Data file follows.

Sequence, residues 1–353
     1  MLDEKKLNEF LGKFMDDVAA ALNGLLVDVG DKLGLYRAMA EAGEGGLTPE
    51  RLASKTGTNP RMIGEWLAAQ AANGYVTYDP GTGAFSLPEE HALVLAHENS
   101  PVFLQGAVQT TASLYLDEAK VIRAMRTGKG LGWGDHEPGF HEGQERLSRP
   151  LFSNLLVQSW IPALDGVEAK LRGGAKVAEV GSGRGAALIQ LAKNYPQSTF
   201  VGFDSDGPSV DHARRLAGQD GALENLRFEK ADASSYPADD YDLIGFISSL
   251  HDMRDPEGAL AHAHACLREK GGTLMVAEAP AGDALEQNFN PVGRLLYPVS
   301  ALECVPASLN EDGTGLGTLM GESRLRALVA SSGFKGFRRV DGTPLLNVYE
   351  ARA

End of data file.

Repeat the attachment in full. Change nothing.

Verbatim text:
Sequence, residues 1–353
     1  MLDEKKLNEF LGKFMDDVAA ALNGLLVDVG DKLGLYRAMA EAGEGGLTPE
    51  RLASKTGTNP RMIGEWLAAQ AANGYVTYDP GTGAFSLPEE HALVLAHENS
   101  PVFLQGAVQT TASLYLDEAK VIRAMRTGKG LGWGDHEPGF HEGQERLSRP
   151  LFSNLLVQSW IPALDGVEAK LRGGAKVAEV GSGRGAALIQ LAKNYPQSTF
   201  VGFDSDGPSV DHARRLAGQD GALENLRFEK ADASSYPADD YDLIGFISSL
   251  HDMRDPEGAL AHAHACLREK GGTLMVAEAP AGDALEQNFN PVGRLLYPVS
   301  ALECVPASLN EDGTGLGTLM GESRLRALVA SSGFKGFRRV DGTPLLNVYE
   351  ARA